The Practicalities of Distributed Pair Programming

17 Aug, 2010
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In the current market it becomes more and more likely that developers in the same team will not be in the same physical location. This is caused by outsourcing, but also other reasons like ever increasing focus on open source projects.
In a distributed scenario pair programming has huge benefits over meetings and sending comments on issues around. It is (still) the fastest way of sharing detailed information between people, and it actually gets the job done where a meeting does not.
The added benefit of pair programming in a distributed team is that it bridges the gap between the local team and the remote team that is caused by the fact that informal communication is impeded. Research has shown that pair programming works in distributed teams [1]. The challenge is to find out how to make it work for you.
In my previous blog on Pair Programming I focussed on the different styles that I see in my daily practice and ways of improving the dynamics in a pair. This applies equally to colocated pair programming and distributed pair programming. At my current client I bumped into the issues particular to distributed pairing, so in this blog I will outline habitual and technical prerequisites for successful distributed pair programming.

As I touched upon in my previous blog there are a couple of things you need in order to to pair program with a remote pair. I will list them here more completely.
You need your hands free and a good audio connection, feedback loops and background noise are killing. A good headset and webcam are dead cheap in comparison to the costs of a bug caused by miscommunication.
You need to be able to share a screen at reasonable resolution, so a good network connection is essential. I’ve found that if the lag time between screen and sound goes above 1 seconds it suddenly becomes much harder to make sense of what the other guy is saying. As a driver you don’t notice this immediately, so it can cause a slip from Rally style into Tour style for the navigator.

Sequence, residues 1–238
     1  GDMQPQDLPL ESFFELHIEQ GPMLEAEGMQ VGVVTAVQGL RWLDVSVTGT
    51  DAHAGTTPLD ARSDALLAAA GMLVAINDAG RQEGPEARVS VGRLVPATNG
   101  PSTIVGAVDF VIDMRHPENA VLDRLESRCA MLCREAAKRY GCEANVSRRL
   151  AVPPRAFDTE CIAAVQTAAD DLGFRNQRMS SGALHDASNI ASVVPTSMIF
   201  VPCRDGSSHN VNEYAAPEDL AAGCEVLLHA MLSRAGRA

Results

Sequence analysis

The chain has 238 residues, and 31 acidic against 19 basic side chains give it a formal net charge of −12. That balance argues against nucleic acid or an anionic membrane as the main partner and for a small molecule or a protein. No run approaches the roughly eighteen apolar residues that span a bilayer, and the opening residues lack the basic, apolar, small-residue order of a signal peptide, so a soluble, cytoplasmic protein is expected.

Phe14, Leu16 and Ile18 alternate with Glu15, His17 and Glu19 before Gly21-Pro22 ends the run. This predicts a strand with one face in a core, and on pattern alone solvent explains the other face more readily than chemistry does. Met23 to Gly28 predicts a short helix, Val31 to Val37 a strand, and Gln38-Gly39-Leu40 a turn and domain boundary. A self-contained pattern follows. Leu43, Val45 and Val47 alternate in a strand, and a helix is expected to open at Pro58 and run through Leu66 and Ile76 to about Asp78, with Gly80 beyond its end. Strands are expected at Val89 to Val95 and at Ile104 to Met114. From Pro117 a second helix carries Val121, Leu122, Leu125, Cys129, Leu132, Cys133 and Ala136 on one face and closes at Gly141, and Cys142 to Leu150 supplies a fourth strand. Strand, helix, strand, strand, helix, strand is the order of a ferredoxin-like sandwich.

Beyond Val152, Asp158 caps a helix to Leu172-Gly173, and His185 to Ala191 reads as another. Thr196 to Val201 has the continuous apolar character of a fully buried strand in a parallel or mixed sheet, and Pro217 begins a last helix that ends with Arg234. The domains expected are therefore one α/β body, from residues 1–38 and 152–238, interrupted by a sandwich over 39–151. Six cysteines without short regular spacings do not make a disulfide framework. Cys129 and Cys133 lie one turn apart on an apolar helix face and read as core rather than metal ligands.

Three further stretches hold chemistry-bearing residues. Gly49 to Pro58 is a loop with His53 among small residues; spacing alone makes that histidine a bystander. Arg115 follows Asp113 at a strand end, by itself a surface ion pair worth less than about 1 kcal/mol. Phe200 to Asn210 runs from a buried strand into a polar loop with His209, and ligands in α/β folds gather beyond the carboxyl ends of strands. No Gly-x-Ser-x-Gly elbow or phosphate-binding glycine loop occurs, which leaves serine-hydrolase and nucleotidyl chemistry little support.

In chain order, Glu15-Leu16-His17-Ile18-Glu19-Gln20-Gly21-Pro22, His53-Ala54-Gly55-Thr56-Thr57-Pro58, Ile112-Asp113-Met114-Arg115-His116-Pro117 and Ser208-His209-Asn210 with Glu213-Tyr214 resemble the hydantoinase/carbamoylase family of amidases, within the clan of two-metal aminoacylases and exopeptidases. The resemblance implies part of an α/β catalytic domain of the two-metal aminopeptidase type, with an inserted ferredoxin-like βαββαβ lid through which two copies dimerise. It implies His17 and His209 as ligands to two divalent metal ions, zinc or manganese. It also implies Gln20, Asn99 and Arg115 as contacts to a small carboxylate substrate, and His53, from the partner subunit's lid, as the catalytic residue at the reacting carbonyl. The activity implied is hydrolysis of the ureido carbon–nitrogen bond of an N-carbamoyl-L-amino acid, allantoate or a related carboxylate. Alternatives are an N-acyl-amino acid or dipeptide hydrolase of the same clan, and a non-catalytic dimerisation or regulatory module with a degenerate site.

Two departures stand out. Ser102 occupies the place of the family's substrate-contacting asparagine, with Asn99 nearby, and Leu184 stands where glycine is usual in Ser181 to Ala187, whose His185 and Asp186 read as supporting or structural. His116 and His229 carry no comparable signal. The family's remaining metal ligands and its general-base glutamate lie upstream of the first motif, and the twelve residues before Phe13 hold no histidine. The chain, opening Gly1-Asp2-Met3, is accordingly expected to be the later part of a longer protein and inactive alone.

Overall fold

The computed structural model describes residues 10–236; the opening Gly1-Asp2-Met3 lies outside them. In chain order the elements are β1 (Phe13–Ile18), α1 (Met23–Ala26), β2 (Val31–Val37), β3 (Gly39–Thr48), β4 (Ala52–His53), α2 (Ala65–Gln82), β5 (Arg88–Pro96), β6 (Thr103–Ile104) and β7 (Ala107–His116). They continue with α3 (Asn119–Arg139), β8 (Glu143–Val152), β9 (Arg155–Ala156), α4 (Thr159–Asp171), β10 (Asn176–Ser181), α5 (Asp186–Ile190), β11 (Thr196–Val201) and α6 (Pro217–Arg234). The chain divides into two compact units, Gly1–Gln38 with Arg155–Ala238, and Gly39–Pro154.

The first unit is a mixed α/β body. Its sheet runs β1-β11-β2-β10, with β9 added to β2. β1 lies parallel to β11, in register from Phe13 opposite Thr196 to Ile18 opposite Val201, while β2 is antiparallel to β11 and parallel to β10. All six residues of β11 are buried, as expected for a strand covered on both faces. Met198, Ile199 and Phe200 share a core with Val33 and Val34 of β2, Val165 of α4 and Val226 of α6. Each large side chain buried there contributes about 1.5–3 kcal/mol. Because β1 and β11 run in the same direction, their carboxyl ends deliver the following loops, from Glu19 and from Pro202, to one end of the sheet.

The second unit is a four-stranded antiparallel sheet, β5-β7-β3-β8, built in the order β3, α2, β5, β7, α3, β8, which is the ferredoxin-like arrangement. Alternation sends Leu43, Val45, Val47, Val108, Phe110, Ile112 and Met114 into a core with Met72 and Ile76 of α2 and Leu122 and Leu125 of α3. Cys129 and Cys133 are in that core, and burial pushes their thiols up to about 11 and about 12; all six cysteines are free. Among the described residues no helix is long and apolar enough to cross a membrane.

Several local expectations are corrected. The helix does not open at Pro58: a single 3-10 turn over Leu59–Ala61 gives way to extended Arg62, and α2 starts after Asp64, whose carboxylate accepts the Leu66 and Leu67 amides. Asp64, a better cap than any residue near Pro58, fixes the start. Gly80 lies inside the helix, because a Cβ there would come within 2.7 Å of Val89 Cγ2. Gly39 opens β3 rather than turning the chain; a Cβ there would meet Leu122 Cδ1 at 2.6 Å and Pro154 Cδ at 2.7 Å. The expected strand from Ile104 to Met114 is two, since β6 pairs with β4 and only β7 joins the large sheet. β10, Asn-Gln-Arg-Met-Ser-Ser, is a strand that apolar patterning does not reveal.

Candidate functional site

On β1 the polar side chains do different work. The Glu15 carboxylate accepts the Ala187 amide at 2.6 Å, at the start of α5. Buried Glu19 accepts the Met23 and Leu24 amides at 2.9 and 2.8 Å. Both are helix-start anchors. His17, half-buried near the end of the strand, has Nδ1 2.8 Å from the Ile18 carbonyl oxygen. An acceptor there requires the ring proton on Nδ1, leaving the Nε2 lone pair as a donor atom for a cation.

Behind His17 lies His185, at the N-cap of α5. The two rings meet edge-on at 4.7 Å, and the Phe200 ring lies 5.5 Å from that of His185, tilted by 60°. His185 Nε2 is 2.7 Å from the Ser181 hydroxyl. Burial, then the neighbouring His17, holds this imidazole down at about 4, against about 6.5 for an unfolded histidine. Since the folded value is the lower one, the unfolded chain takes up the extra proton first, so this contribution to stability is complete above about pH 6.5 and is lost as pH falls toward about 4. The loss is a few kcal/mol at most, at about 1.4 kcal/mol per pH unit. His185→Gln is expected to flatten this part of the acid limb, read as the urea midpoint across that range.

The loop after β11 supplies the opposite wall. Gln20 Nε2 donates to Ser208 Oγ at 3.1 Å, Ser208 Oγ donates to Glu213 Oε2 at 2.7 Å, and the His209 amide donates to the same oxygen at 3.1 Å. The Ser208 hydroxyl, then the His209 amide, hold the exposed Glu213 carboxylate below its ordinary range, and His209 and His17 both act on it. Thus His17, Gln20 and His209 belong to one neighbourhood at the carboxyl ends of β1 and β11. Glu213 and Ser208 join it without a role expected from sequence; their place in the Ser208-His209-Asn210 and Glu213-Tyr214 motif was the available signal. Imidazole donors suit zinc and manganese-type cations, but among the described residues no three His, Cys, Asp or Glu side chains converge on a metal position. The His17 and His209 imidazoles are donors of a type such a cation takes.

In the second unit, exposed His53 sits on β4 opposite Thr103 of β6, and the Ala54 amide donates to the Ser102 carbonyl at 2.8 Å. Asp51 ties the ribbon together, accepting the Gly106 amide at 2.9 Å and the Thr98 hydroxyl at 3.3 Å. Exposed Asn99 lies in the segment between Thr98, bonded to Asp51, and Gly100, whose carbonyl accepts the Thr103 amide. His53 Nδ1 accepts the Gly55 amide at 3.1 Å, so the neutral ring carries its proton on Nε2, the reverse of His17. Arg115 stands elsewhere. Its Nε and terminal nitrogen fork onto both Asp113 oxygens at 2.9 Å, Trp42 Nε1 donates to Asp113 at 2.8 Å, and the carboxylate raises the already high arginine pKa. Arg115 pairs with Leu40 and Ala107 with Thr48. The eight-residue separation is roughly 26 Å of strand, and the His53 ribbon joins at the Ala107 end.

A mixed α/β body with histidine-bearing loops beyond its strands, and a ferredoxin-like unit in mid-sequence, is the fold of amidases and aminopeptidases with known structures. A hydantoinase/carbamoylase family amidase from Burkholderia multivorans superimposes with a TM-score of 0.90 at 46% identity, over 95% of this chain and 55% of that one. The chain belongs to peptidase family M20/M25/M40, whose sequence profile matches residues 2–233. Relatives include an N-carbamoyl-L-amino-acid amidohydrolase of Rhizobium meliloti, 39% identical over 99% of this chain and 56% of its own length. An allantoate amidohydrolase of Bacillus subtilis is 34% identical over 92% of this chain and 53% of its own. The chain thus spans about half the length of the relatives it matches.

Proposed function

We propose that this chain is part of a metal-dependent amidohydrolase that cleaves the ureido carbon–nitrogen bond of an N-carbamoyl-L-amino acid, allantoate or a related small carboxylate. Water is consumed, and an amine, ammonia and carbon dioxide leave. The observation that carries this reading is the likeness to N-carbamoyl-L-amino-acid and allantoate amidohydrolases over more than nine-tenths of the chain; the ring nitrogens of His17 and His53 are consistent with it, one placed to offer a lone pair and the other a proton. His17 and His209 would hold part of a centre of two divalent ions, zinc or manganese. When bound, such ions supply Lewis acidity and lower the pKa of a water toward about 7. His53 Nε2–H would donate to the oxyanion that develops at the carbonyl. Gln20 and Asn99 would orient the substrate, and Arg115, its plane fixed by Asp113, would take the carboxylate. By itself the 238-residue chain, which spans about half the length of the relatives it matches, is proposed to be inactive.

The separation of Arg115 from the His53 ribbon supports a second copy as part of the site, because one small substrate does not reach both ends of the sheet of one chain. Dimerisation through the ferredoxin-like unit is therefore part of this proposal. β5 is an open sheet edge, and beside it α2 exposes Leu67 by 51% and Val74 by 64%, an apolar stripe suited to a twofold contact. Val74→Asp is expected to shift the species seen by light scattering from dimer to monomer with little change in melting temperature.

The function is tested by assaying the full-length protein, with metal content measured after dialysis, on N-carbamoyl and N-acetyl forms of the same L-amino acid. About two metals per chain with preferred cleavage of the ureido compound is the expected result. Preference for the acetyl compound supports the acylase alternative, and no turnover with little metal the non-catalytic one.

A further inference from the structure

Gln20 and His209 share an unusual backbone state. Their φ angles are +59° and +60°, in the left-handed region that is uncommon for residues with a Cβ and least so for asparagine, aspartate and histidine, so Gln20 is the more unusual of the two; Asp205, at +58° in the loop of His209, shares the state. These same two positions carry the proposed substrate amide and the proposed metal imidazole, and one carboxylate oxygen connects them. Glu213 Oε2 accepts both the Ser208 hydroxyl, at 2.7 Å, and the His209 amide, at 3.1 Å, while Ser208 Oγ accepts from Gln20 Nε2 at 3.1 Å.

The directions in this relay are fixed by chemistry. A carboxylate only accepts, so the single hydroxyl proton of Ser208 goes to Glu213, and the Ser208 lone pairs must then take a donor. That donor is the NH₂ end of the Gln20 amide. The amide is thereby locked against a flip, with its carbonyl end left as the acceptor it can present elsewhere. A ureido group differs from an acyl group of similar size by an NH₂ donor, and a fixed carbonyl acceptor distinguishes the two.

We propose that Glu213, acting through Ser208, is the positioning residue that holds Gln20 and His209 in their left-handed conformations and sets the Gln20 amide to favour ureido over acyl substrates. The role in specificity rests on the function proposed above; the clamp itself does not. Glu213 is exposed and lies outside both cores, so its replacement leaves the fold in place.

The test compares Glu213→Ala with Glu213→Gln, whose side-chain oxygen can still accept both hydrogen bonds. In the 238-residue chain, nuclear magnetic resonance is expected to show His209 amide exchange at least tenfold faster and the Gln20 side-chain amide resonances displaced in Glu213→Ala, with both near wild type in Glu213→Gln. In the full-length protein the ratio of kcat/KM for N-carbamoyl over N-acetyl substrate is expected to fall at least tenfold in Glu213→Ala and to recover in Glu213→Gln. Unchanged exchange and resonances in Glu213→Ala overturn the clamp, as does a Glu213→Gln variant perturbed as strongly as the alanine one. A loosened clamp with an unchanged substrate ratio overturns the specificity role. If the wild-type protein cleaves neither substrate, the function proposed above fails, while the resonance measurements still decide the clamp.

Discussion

There are many ways to share your screen. Try a few and make sure the whole team is comfortable with a few options. I like Yuuguu because it is platform independent, but Mikogo isn’t bad either. I don’t like IDE plugins as a primary option because they disallow quick sharing of other tools like the commandline or a text editor. This is explicitly not to dismiss dedicated sharing tools entirely, because they are much faster and support native resolution by default among many other things that simple screen sharing does not have [2].
A typical pairing session in a colocated situation is established very easily. Establishing a remote pair takes a bit more effort. This is why many teams experience the gap between remote and local team. Pairing statistically happens more often locally and team members feel left out of what happens on the other side. To bridge the gap favor distributed pairs over colocated pairs.
To establish a distributed pairing session it is great if you can arrange it at the standup (provided that you have a good distributed standup in place). If you can’t you will have to establish it in some other way. One way that I liked a lot is to have an open team chat (you can use irc for this or another solution that is available) in the channel you shout if you’re looking for a pair and things get arranged from there. There is software dedicated to pairing that also supports pair finding.
Once you have established a pair you need to take a bit more effort to keep things arranged:

  • Be very clear about duration of breaks
  • Plan what is going to be done in the pairing session and be clear about when it’s over
  • Explicitly take time differences into account in your planning

All these points mitigate the risk that one part of the pair ends up idling waiting for the other part to return from his coffee break, which turned into a short meeting, which ended with that person packing up and leaving for the day. Trust me it will happen…
With these precautions in place distributed pairing can actually be more effective than local pairing in my experience. There is something to say about strict negotiations about whom is touching the keyboard at a given time…
Final advice
Distributed pair programming is even more tiring than pair programming. Don’t try to do it 8 hours per day. The nice thing about offshore teams is that they usually live in a different time zone. This means that the overlap (core hours) is less than 8 hours. This gives you plenty of time for local pairing and reading email and that is fine, you need that time.
As I mentioned in my previous post it is important to make sure you’re well rested, fed and hydrated before you dive into short runs.
Have fun and share your experiences!

Iwein Fuld
Iwein is an engineer with Xebia and a member of the Spring Integration team. He's an expert on Spring and Test Driven Development. He specializes in Messaging, OSGi, Virtualization.

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